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The Environmental Genome Project: Ethical, Legal, and Social Implications

Richard R. Sharp and J. Carl Barrett
Environmental Health Perspectives
Vol. 108, No. 4 (Apr., 2000), pp. 279-281
DOI: 10.2307/3454343
Stable URL: http://www.jstor.org/stable/3454343
Page Count: 3
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The Environmental Genome Project: Ethical, Legal, and Social Implications
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Abstract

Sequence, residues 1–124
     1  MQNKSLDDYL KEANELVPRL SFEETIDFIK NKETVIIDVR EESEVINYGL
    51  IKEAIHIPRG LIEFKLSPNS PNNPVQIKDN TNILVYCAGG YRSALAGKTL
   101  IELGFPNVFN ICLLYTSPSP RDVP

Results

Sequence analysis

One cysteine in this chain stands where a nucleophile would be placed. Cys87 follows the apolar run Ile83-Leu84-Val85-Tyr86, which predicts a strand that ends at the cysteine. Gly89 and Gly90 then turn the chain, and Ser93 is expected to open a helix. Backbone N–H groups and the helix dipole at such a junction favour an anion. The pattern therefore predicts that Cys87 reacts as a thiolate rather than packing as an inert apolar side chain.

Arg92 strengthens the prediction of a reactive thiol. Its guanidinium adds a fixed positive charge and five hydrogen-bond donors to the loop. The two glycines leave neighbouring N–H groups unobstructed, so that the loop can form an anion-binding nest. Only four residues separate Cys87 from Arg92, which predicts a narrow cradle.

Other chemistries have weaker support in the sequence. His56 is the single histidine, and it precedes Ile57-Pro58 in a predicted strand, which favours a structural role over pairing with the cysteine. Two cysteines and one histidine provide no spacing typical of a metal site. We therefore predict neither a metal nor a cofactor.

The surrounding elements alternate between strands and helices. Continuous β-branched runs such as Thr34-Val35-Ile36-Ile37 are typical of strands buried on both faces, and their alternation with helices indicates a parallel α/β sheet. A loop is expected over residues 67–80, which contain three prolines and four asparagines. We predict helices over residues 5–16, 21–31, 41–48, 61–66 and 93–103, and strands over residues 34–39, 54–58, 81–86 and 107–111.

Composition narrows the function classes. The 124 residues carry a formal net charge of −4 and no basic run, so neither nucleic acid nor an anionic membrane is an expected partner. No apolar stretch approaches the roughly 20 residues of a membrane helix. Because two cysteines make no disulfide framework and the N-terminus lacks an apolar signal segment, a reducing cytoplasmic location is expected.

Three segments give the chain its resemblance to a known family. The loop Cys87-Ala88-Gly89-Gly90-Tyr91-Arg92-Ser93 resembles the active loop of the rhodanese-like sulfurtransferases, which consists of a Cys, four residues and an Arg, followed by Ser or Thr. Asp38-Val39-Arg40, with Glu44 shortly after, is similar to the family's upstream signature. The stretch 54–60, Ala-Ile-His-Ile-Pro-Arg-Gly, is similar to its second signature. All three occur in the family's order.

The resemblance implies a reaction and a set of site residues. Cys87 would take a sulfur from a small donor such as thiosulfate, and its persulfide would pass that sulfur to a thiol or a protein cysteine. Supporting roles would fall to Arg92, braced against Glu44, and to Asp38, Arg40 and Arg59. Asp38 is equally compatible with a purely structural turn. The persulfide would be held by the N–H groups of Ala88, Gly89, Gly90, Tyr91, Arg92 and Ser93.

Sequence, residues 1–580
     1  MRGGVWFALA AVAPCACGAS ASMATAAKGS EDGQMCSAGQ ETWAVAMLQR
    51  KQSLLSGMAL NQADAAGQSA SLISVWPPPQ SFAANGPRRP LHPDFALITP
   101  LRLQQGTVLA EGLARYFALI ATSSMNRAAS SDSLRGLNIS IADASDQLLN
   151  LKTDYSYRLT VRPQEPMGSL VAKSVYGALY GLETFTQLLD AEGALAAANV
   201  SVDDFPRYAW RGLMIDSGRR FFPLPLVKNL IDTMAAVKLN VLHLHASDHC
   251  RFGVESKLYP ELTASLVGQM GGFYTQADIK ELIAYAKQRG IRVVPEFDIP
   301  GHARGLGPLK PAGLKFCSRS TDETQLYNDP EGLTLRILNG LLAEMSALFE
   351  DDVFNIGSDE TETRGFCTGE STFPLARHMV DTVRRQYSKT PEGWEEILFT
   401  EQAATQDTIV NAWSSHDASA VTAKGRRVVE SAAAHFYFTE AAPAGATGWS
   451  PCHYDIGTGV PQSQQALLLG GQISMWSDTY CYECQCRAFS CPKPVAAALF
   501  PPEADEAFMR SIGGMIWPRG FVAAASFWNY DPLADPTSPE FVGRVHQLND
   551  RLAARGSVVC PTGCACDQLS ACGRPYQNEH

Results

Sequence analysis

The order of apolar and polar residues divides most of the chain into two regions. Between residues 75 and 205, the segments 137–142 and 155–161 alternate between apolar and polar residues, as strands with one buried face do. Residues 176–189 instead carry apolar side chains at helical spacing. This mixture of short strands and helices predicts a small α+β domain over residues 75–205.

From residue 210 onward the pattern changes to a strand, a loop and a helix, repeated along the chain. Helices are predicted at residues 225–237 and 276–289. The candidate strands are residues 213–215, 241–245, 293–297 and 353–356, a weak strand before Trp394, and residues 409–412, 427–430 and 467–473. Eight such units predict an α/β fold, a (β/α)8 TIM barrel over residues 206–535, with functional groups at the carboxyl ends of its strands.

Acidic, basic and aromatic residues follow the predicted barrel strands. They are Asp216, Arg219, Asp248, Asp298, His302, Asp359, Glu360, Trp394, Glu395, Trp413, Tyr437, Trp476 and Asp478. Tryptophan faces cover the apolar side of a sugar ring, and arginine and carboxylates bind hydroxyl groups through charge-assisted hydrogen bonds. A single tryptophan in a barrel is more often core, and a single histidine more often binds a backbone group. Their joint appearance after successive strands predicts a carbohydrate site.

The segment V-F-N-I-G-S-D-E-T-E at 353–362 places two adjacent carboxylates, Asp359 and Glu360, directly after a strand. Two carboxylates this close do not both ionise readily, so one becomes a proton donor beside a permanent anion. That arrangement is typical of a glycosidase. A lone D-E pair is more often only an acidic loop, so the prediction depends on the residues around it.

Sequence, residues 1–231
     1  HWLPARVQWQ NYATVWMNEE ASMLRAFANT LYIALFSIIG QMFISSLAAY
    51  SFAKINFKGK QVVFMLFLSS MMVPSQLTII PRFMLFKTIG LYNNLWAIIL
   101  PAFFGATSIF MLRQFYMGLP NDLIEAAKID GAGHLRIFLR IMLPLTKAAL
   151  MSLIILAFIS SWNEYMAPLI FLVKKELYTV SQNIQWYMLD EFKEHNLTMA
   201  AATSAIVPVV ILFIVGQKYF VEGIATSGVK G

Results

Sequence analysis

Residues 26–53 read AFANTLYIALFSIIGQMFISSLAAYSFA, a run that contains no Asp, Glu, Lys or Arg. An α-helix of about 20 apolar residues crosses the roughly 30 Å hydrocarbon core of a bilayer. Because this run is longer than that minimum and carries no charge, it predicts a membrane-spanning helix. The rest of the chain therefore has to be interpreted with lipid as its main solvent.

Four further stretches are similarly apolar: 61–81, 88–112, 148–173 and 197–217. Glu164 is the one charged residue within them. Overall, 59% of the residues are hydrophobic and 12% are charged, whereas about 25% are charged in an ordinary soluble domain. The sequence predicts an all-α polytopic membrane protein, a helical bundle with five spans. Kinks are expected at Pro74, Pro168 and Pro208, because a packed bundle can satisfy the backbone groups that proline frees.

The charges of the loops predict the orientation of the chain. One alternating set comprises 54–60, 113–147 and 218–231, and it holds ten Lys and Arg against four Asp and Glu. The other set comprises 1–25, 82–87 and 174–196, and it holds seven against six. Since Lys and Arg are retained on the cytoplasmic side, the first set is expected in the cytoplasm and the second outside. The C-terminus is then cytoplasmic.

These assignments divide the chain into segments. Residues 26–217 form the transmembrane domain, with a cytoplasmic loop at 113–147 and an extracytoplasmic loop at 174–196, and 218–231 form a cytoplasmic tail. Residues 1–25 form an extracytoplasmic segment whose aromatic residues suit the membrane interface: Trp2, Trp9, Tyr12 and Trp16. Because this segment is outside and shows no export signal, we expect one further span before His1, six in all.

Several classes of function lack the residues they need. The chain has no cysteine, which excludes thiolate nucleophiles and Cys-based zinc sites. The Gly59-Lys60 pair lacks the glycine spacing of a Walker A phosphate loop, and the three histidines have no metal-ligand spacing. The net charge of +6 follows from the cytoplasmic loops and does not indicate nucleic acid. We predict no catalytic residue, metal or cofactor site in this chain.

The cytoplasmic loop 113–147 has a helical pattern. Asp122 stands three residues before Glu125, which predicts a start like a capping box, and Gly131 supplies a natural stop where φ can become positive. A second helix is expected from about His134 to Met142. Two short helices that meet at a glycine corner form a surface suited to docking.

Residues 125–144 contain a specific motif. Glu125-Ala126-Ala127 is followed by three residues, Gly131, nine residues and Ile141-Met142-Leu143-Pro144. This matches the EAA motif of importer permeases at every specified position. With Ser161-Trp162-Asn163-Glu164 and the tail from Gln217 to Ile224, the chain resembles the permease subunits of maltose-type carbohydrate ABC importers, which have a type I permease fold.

The National Institute of Environmental Health Sciences is supporting a multiyear research initiative examining genetic influences on environmental response. Proponents of this new initiative, known as the Environmental Genome Project, hope that the information learned will improve our understanding of environmentally associated diseases and allow clinicians and public health officials to target disease-prevention strategies to those who are at increased risk. Despite these potential benefits, the project presents several ethical and social challenges. Of immediate concern is the protection of individual research participants. Other ethical issues relate to the application of research results and how study findings could affect social priorities. Clarifying these emerging areas of concern, many of which have not received adequate attention in the existing bioethics literature, is an important step toward minimizing potential research-related risks and defining research needs.

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